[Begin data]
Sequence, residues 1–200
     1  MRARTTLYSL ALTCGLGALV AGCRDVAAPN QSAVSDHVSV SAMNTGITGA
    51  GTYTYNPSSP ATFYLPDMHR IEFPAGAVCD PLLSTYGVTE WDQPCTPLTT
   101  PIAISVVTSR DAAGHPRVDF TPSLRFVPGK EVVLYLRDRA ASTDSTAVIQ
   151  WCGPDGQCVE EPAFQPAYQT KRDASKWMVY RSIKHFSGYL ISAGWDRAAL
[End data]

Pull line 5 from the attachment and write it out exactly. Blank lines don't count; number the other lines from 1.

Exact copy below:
   151  WCGPDGQCVE EPAFQPAYQT KRDASKWMVY RSIKHFSGYL ISAGWDRAAL